Have you tried fat-loading for a race? Please share your experience in the comments.




Do You Really Need to Go Organic?

Organic food is rapidly becoming more and more popular. Some even go as far as to the hail it as the solution to a huge variety of medical problems and the key to better health. With the rise of processed foods and genetically modified organisms, as well as a host of other unfamiliar substances finding their way onto our plates, it’s no wonder people are concerned though. Add to this the fear that pollution from industrial farms is contributing to climate change and the case for going organic seems even stronger.

But are organic foods worth it? Just because they carry the official USDA stamp labeling them as organic, should you really expend the extra time, effort and money involved in getting organic foods? Do organic foods contain any more nutrients than their conventionally grown counterparts?

What the Label Really Means

The United States Department of Agriculture is responsible for declaring a food as “organic,” and bases this decision on a number of factors.

Any animal products, like meat, eggs and dairy, have to come from animals that are completely free from all hormones and antibiotics. These animals must also have been fed a steady diet of all organic foods.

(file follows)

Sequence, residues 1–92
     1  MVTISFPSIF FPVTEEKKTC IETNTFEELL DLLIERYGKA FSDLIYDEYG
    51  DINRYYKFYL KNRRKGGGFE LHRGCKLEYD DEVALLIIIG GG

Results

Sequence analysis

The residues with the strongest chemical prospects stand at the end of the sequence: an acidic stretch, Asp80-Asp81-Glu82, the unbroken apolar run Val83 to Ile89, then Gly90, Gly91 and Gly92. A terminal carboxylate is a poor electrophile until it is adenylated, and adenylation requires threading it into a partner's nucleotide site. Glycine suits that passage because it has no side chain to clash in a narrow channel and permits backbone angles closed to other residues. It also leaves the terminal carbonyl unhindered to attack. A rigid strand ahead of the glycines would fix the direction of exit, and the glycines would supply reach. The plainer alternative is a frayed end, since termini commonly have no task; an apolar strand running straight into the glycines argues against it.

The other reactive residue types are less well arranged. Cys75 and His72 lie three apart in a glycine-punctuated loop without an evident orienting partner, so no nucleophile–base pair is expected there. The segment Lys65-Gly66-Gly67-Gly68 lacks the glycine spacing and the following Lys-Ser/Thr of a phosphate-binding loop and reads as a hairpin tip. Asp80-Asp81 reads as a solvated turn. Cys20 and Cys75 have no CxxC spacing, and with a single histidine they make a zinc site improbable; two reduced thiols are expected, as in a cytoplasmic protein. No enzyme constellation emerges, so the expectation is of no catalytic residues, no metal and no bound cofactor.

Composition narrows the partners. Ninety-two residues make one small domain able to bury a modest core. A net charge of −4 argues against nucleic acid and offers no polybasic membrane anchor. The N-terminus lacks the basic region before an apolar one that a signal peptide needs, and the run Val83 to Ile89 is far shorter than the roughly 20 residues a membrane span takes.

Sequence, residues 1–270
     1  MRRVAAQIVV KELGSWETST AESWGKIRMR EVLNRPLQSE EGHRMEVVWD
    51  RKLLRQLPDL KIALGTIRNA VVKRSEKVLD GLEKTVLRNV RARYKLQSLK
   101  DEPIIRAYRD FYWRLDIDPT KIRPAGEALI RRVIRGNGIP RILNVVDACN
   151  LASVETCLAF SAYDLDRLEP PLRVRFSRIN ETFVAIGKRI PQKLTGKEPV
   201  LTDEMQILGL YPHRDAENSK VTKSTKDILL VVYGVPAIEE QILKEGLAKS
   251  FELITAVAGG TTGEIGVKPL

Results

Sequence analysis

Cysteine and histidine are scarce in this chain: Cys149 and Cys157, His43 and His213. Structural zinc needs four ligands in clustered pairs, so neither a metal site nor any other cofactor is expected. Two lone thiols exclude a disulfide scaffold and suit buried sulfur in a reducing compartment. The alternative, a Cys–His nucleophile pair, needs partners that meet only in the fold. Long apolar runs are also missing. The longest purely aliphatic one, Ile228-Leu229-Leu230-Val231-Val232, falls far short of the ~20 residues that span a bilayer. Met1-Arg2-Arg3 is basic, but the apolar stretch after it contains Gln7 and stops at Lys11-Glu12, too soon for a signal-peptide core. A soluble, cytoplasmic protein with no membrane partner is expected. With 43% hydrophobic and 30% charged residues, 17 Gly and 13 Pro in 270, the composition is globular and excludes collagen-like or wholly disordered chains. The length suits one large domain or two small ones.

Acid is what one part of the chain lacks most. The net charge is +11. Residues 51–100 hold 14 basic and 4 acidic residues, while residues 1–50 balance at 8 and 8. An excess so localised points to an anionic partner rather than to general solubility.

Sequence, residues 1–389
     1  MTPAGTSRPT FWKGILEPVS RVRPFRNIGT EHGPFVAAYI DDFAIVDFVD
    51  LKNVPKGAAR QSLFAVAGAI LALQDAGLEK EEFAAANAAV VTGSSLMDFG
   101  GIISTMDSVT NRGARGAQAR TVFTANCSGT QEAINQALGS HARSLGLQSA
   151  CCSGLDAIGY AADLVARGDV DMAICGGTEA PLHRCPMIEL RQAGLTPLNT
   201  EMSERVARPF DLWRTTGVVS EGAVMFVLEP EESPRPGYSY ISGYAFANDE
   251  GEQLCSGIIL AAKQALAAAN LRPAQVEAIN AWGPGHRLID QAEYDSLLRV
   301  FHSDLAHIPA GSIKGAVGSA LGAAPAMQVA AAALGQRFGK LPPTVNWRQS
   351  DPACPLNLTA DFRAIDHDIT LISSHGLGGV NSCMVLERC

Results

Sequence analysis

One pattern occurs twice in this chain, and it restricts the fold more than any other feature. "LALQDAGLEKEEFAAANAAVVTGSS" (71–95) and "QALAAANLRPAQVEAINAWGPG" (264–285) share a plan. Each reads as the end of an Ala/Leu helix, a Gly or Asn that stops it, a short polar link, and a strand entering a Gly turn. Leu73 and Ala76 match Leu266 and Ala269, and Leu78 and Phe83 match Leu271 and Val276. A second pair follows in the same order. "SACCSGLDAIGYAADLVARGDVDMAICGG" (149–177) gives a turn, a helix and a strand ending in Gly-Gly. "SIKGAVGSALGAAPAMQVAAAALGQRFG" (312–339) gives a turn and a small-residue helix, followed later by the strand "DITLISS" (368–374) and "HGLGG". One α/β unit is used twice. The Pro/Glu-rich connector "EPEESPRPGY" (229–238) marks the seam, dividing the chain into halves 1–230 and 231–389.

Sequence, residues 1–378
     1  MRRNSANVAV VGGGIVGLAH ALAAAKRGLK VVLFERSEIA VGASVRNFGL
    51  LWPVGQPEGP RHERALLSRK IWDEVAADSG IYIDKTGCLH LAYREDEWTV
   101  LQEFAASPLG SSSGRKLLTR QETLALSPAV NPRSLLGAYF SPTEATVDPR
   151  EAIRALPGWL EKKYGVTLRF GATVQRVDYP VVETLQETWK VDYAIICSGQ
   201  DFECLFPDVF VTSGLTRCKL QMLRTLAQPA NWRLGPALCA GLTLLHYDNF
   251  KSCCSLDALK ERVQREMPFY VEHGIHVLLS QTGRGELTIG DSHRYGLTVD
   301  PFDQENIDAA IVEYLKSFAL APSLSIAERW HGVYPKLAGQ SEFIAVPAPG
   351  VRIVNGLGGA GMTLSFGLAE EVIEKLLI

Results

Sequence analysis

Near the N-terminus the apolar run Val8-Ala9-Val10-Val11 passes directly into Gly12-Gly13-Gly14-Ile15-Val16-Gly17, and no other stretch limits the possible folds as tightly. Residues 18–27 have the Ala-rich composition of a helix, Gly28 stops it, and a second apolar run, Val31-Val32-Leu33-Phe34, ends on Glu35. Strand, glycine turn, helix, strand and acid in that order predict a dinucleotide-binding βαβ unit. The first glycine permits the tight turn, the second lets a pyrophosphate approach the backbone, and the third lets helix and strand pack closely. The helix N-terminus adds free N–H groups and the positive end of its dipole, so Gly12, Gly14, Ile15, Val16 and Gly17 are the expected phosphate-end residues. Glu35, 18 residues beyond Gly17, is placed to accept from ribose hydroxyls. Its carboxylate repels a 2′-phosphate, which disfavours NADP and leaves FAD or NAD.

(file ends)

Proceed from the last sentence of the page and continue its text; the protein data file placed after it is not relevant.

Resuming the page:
Any produce trying to gain the organic label has to have been grown without the use of conventional pesticides or synthetic fertilizers. The fertilizers must also be completely free of sewage sludge.

Organic crops also cannot be bio-engineered or irradiated.

Does It Actually Change Anything?

We all prefer the idea of our corn not being a genetic mutant grown in a field of sewage sludge and drenched in pesticides, but do these things really affect us?

In the hopes of answering that very question, in 2010 The American Journal of Clinical Nutrition reviewed all the research and came up with an answer: We don’t know. Frustratingly, there just wasn’t enough evidence on either side of the argument to come up with a definite conclusion. And this includes whether or not there is any long-term harm from the exposure to chemicals involved in conventional farming or if the nutrition of the food is reduced.

But, for you, that may not be enough reason to give up your organic crusade. Many people may just never get used to the idea that every apple brings with it a cloud of chemicals. For those people, the Environmental Working Group has compiled a list of the most pesticide ridden food. These “dirty” foods should probably be bought organic.

On the positive side, though, there is also a group of foods that are safe to buy regardless of whether or not they bear the organic label.

Both full lists can be found here.

Taking the broad view, however, may affect your view of organic foods even further. The USDA notes that conventional farming techniques release potentially harmful chemicals into the environment and don’t properly use renewable resources.

Several chemicals used in conventional farming have also been linked to cancer and birth defects, as well.

The argument over organic food is a cloudy and frustrating issue but, in the end, the decision is yours. You may be able to get the benefits of organic foods by supporting your local farmers’ market. Or you might consider growing your own garden as a way to stay active and control your food supply.

Have you gone organic? Please share your thoughts in the comments.